The cause of Japan's ballooning budget deficit in the 1990s can be found on the revenue side of the ledger. Corporate and personal income taxes fell sharply during the decade (see Figure 6). The loss of tax revenues from 1990 onward amounted to 5.4 percent of GDP. Put another way, two-thirds of the increase in Japan's deficit can be attributed to falling tax collections.
According to IMF estimates made after reviewing the various temporary and permanent tax cuts implemented in the 1990s, by 1998, only 1 point of the falloff in tax revenues could be attributed to tax policy.12 Significantly, the downward trend in revenues was the reverse of the surge that occurred during the bubble expansion as tax receipts climbed much faster than GDP.
Several explanations for the jump in tax revenues were put forward 10 years ago. They can be dusted off and used again simply by reversing the sign of the expected effect. One was the "bracket creep" that occurs when individuals move from one marginal tax bracket to another as a result of rising incomes. Another explanation involved the level below which no tax liability is incurred. This minimum is quite high in Japan. In 1998, it was ¥3,800,000 ($34,500 at ¥110=$1.00), meaning that almost 20 percent of the country's income earners paid no tax on their earnings. Moreover, the threshold has crept up gradually since 1984, when it stood at ¥2,360,000 ($21,500). Even though total personal incomes continued to climb slowly until the second half of 1998, most workers saw their overtime pay disappear and their bonuses shrink. Thus, more people no doubt fell below the ever-rising tax threshold.
At the same time, business accounting ensured that falling profits during the 1990s were turned into losses at least for tax purposes. More than 60 percent of all companies declared losses in 1997 and paid no taxes.13 Lenient tax-collection policies seemed to exacerbate the effect of creative accounting as the Liberal Democratic Party went out of its way to protect small businesses from the tax man. In addition, taxes on capital gains, which had soared along with the jump in asset prices in the late 1980s, were lost during the plunge of the 1990s. These, however, are only conjectures. As one IMF analyst concluded, the decline in tax revenues in Japan over the last decade remains unexplained.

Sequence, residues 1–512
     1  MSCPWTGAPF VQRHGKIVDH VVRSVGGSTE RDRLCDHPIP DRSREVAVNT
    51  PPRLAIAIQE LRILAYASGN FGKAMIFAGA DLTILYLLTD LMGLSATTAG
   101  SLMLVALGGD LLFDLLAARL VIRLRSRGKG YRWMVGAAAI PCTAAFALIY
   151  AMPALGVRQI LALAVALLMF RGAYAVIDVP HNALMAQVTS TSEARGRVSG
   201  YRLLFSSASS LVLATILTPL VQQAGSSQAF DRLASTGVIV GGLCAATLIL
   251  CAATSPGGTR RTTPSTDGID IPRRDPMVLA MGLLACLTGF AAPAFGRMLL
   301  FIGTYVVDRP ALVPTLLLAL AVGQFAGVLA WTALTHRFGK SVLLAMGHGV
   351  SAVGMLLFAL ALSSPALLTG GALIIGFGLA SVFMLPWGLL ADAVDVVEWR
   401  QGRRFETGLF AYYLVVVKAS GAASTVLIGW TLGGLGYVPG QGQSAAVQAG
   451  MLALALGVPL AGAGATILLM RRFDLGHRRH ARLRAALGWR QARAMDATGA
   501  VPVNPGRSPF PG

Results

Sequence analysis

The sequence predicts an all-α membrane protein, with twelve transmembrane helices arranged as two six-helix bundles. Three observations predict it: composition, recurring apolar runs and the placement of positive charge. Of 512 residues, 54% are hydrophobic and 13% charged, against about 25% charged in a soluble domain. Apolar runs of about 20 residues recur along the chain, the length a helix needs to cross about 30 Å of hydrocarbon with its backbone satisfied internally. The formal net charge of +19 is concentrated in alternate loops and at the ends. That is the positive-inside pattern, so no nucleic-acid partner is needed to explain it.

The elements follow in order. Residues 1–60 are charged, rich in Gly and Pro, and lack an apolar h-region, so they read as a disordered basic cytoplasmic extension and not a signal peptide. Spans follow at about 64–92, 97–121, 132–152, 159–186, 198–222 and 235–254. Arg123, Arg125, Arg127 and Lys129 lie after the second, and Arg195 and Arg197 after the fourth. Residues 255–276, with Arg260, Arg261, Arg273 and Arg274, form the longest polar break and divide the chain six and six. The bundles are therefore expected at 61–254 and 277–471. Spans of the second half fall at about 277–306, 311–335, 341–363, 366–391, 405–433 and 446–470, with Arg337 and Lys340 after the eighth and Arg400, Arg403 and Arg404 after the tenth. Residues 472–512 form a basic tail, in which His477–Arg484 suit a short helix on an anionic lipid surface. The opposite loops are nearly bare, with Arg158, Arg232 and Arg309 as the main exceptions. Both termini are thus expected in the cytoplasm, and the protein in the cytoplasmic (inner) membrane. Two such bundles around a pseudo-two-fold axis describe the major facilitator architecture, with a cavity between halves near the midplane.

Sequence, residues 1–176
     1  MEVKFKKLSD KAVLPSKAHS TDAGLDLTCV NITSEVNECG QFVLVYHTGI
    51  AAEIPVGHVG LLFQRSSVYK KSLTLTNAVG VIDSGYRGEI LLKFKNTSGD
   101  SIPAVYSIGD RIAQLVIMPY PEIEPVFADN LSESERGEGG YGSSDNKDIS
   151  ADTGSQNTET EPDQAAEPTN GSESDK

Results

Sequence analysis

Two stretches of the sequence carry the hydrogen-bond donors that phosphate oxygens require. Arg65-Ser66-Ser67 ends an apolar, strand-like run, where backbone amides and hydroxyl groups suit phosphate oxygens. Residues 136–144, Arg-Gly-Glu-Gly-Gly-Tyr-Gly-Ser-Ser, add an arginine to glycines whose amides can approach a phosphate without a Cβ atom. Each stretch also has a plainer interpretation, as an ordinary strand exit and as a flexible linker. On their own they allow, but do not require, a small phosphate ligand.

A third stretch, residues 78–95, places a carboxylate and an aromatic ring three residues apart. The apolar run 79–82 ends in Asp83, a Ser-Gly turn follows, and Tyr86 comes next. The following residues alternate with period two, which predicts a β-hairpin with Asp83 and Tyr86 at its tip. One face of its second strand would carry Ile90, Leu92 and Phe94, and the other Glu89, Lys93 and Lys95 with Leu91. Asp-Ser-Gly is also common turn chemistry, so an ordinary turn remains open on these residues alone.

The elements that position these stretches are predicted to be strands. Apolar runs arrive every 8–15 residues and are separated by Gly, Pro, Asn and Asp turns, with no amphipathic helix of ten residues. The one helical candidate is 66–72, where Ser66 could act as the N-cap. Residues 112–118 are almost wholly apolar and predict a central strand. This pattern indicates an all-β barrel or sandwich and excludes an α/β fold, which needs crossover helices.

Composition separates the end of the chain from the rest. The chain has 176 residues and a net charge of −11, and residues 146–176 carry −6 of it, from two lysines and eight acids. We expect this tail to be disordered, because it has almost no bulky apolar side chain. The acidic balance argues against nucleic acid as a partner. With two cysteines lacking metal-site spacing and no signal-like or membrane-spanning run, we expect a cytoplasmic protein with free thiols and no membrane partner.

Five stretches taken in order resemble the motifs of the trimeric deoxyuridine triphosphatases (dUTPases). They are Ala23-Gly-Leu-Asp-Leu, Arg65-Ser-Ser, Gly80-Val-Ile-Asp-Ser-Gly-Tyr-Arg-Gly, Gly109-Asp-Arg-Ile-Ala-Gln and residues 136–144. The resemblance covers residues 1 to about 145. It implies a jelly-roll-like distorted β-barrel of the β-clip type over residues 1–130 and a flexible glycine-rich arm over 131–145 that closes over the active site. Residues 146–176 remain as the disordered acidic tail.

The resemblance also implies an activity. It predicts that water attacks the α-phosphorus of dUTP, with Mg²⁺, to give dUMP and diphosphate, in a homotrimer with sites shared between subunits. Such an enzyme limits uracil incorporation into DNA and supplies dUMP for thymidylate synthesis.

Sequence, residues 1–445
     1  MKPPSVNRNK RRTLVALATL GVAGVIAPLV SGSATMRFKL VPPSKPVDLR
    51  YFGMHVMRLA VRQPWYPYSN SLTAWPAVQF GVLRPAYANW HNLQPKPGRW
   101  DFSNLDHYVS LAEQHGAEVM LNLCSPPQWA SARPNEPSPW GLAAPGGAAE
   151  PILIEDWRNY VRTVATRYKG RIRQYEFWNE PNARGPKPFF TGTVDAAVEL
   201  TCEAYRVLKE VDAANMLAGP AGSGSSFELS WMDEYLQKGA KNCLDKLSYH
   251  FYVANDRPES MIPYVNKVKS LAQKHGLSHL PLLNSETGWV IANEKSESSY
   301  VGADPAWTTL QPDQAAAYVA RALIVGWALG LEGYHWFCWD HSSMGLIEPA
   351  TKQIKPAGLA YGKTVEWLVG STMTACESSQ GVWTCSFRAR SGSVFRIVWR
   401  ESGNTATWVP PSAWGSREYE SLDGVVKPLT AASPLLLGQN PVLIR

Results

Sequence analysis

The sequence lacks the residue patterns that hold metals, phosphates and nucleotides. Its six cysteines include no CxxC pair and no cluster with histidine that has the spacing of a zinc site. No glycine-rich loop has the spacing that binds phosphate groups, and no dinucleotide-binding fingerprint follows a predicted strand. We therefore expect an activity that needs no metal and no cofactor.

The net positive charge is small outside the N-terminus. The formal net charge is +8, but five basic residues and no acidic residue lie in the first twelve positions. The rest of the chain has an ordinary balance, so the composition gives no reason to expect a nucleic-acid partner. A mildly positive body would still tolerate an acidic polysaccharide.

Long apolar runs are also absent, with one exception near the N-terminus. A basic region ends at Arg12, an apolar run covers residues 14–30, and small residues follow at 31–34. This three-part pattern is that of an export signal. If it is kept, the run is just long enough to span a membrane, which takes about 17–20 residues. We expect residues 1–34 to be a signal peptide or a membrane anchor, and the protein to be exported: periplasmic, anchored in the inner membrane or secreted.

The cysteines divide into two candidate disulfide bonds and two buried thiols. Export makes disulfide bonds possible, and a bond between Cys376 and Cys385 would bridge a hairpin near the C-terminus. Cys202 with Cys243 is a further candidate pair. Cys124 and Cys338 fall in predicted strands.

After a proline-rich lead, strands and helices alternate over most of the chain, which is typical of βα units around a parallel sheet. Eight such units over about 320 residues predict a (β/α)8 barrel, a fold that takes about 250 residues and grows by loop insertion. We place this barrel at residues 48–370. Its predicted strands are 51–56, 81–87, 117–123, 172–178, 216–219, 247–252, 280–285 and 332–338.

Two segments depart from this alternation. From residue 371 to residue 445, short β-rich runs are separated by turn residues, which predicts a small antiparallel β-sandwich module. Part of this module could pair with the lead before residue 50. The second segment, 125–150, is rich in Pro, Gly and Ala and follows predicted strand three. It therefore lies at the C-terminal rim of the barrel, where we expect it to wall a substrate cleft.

In addition to fiscal policy and its taxing and spending tools, monetary policy is the other major mechanism that governments can use to respond to an economic slowdown. For a variety of technical reasons, in recent years, monetary authorities in advanced countries have sought to influence the money supply and, in turn, economic behavior through interest rates. In the 1970s and 1980s, direct quantitative targeting of the money supply was employed on occasion, but that approach no longer is fashionable among the world's leading central bankers.
One reason that the Bank of Japan targeted interest rates rather than a broader aggregate like M2+certificates of deposit was that during the 1990s, the money supply directly controlled by the central bank the monetary base, which consists of banking reserves plus currency became less correlated with other measures of money. For one thing, deregulation freed interest rates and allowed banks to expand the variety of deposits offered and the methods of lending money. This flexibility meant that the supply and demand for deposits and loans were driven more by market forces than by central bank policies. Since broader money aggregates consist mainly of deposits created by bank lending, monetary policy may have had only a weak effect in Japan, especially if banks were in no condition to lend.
Until the early 1990s, the monetary base and M2+CDs basically moved in tandem (see Figure 7). Starting in 1995, however, the monetary base expanded at an annual rate of 5 percent to 10 percent, but the increase in M2+CDs was well under 5 percent. In fact, after mid-1998, the growth of this money-supply measure decelerated to less than 2 percent despite the zero interest-rate policy that BOJ put in place in February 1999.
Studies of the effects of monetary policy on output in Japan have found that broad indicators of the money supply have a large impact on private investment, whereas changes in the monetary base have no measurable consequences. One explanation for this finding is that the links between the main tool of quantitative policy and the market-driven decisions that govern the creation of money broadly defined increasingly are becoming looser.
In Japan, interest rates have been shown to be a key shaper of investment decisions. A critical question, then, concerns the channels by which monetary policy is transmitted. If the banking system is the conduit, weak banks could impede the effective implementation of monetary policy.
The 1986 plunge of Japan's real interest rates (see Figure 8) measured as the long-term prime (the lending rate for banks' most creditworthy customers) adjusted by the change over the previous 12 months in the wholesale price index generally is seen as one of the main causes of the ballooning asset prices that followed. A policy-induced jump in real interest rates of 2 points in the 1989-90 time frame ended the asset bubble. Real interest rates generally drifted downward for the rest of the 1990s, a trend that quickened near the decade's finish as BOJ marched toward its goal of zero interest rates.